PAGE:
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Rev. Bras. entomol. vol.55 no.4 São Paulo Oct./Dec. 2011
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Chrysomya albiceps (Wiedemann) and Hemilucilia segmentaria (Fabricius) (Diptera, Calliphoridae) used to estimate the postmortem interval in a forensic case in Minas Gerais, Brazil
Cecília KosmannI; Marcos Patrício MacedoII; Thiago Assis Franco BarbosaIII; José Roberto Pujol-LuzI
IDepartamento de Zoologia, Universidade de Brasília, 70910_900 Brasília-DF, Brazil email@example.com; firstname.lastname@example.org
IIInstituto de Pesquisa de DNA Forense, Bloco E, SAI, 70610_200 Brasília-DF, Brazil email@example.com
IIIPrimeira Delegacia Regional de Polícia Civil Unaí, 16º Departamento de Polícia Civil, Seção Regional Técnica de Criminalística, 38610_000 Unaí-MG, Brazil firstname.lastname@example.org
ABSTRACT. Chrysomya albiceps (Wiedemann) and Hemilucilia segmentaria (Fabricius) (Diptera, Calliphoridae) used to estimate the postmortem interval in a forensic case in Minas Gerais, Brazil. The corpse of a man was found in a Brazilian highland savanna (cerrado) in the state of Minas Gerais. Fly larvae were collected at the crime scene and arrived at the laboratory three days afterwards. From the eight pre-pupae, seven adults of Chrysomya albiceps (Wiedemann, 1819) emerged and, from the two larvae, two adults of Hemilucilia segmentaria (Fabricius, 1805) were obtained. As necrophagous insects use corpses as a feeding resource, their development rate can be used as a tool to estimate the postmortem interval. The post-embryonary development stage of the immature collected on the body was estimated as the difference between the total development time and the time required for them to become adults in the lab. The estimated age of the maggots from both species and the minimum postmortem interval were four days. This is the first time that H. segmentaria is used to estimate the postmortem interval in a forensic case.
KEYWORDS: Blowflies; Brazilian savannah; Forensic Entomology; postmortem interval.
Chrysomya albiceps (Wiedemann) e Hemilucilia segmentaria (Fabricius) (Diptera, Calliphoridae) utilizadas para estimar o intervalo pós-morte em um caso forense em Minas Gerais, Brasil. O cadáver de um homem foi encontrado em uma área de cerrado no Estado de Minas Gerais. Larvas de moscas foram coletadas na cena do crime e encaminhadas ao laboratório em três dias. Os adultos que emergiram em laboratório foram identificados como Chrysomya albiceps (Wiedemann, 1819) e Hemilucilia segmentaria (Fabricius, 1805). Uma vez que insetos utilizam o cadáver como uma fonte de recurso alimentar, sua taxa de desenvolvimento pode ser empregada como uma ferramenta para estimar o intervalo pós-morte. O estágio de desenvolvimento pós-embrionário dos imaturos coletados no cadáver foi estimado como sendo a diferença entre o tempo total de desenvolvimento e o tempo necessário para a emergência destes adultos em laboratório. A idade estimada dos imaturos das duas espécies, bem como o intervalo pós-morte mínimo, foi de quatro dias. Este é o primeiro relato do uso de Hemilucilia segmentaria para estimar o intervalo pós-morte em um caso forense.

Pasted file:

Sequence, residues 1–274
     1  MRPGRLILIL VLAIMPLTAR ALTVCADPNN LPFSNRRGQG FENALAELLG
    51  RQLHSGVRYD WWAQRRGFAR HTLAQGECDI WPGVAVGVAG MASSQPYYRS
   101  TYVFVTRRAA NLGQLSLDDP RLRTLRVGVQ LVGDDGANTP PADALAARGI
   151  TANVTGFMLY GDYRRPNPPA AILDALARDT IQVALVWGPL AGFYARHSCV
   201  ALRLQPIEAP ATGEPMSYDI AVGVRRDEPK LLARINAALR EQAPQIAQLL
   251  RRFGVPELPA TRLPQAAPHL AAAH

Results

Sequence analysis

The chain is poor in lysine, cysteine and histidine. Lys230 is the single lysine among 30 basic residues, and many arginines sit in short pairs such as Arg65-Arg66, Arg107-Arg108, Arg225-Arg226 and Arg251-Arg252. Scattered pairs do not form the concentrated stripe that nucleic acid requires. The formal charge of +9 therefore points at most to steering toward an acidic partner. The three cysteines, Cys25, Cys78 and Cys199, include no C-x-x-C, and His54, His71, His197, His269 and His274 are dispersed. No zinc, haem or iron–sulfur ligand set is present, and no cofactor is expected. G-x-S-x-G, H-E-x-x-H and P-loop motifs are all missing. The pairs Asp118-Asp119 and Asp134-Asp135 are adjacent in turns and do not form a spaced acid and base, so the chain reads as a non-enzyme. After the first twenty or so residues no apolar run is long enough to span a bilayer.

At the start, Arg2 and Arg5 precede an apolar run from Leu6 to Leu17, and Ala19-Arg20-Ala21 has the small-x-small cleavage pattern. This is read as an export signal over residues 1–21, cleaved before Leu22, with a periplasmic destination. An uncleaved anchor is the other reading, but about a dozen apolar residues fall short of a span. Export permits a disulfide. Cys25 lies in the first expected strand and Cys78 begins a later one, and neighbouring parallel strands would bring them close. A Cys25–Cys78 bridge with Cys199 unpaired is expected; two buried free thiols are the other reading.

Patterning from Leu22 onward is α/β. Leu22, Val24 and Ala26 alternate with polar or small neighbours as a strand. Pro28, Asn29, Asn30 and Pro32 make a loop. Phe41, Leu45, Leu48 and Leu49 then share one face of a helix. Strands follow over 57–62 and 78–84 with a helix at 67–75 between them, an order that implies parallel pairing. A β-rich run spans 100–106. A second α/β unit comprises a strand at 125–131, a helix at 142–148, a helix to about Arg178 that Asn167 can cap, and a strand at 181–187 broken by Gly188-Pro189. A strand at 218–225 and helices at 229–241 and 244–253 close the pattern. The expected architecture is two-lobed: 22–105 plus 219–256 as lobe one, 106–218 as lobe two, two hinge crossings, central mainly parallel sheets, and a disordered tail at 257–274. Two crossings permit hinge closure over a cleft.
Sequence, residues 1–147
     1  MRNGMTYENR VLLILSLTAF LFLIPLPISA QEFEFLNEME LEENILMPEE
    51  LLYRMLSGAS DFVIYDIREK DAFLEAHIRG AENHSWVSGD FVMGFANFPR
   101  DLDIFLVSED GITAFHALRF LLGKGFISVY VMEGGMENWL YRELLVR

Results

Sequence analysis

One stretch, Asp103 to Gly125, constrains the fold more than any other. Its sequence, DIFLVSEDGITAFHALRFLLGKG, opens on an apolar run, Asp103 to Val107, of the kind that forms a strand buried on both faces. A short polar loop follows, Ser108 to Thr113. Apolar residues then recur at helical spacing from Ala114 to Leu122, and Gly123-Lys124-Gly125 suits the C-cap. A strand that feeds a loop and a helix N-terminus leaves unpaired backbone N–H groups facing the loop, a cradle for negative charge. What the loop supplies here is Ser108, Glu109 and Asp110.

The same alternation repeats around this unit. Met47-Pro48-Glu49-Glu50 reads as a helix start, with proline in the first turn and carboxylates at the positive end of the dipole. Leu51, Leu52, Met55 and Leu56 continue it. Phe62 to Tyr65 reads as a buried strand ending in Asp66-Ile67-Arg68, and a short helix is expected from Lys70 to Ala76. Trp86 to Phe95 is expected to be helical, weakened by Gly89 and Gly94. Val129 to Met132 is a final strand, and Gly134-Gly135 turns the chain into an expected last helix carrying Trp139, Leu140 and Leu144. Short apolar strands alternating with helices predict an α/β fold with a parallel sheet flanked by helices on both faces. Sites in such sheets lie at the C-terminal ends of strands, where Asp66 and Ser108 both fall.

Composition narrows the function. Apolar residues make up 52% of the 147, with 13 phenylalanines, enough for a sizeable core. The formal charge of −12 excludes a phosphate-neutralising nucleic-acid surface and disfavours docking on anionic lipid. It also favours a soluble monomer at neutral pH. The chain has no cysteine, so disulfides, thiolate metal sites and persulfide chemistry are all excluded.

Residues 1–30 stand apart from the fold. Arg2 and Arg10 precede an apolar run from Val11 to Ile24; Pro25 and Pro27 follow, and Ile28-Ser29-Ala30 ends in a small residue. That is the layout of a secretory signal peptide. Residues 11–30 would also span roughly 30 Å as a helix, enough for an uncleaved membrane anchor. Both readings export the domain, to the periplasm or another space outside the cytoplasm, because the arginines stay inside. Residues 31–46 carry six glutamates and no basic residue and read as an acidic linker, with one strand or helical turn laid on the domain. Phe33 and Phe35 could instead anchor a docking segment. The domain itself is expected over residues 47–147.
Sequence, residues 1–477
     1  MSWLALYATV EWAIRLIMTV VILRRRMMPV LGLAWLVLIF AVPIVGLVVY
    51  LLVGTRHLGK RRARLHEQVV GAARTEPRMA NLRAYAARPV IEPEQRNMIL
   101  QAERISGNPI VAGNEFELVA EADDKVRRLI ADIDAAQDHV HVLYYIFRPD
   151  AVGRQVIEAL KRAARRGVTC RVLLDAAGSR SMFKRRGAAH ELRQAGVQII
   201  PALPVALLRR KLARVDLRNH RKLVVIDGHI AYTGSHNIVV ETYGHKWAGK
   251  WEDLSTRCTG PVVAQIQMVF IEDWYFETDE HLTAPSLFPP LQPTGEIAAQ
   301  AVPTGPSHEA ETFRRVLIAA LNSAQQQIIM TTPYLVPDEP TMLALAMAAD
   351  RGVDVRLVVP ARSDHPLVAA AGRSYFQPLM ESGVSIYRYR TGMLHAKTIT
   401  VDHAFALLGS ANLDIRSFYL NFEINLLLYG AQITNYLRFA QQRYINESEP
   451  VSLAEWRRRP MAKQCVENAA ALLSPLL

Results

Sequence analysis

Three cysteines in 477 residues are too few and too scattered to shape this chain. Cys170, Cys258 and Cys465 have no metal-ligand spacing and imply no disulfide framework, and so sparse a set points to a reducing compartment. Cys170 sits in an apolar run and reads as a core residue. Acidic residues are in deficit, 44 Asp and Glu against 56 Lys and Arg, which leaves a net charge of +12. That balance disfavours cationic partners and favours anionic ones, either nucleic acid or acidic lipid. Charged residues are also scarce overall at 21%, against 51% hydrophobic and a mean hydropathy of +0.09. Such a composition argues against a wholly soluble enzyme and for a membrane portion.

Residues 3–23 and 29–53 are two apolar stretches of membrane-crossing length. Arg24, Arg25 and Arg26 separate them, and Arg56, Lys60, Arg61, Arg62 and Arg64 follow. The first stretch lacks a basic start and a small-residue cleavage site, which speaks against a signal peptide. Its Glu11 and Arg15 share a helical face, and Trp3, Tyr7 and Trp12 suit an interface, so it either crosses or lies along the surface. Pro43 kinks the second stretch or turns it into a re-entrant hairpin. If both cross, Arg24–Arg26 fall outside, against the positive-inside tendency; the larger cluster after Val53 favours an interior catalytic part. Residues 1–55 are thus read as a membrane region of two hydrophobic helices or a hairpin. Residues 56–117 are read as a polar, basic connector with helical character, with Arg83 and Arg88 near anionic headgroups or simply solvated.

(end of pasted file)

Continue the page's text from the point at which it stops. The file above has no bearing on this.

PALAVRAS-CHAVE: Moscas-varejeiras; Cerrado; Entomologia Forense; intervalo Pós-morte.
The family Calliphoridae consists of calyptrate muscoids commonly known as blowflies, and has worldwide distribution (Vargas & Wood 2010). They use protein-rich substrates for oviposition, seeking the full development of immature stages (Stevens 2003) and constitute the most common type of insect evidence collected during the criminal investigation (Keh 1985; Catts & Haskell 1990). They may be the first organisms to arrive at a corpse after death, attracted by the odor produced in the early stages of decomposition (Goddard & Lago 1985; Smith 1986; Wall & Warnes 1994) and their activity may accelerate the decay and disintegration of the body (Mann et al. 1990). The determination of the species found in this type of investigation is the first step in a forensic-entomological analysis, because error in the investigation may lead to obstruction of justice (Gerber 1987; Pujol-Luz et al. 2008).
In this paper, we describe a forensic entomology case in Minas Gerais (southeastern Brazil), in which the necrophagous blow fly Hemilucilia segmentaria (Fabricius, 1805) was used for the first time, associated with Chrysomya albiceps (Wiedemann, 1819), to estimate the postmortem interval (PMI), being therefore characterized as an additional species of forensic interest.
Case Description. On 17 March 2010 the corpse of a male adult was found in a transition zone between an urban and a rural area, about five miles from the city of Unaí, northwestern Minas Gerais, Brazil (16°23'59"S, 46°53'37"W). The body was located in a marginal area of a highway, about 300 meters away from the road, in an area of Cerrado (savannah-like formation).
The corpse was found wearing shorts and a t-shirt and was partially exposed to the sun. The body had partially skeletonized skull and chest, and the abdomen and upper and lower limbs in a state of gaseous decomposition. The crime scene investigators observed the presence of two gunshot wounds in the chest. There was also a total or partial amputation of hands and feet; all the teeth, ears, nose and eyes had been removed, making it impossible to identify the victim through fingerprints or other common characteristics.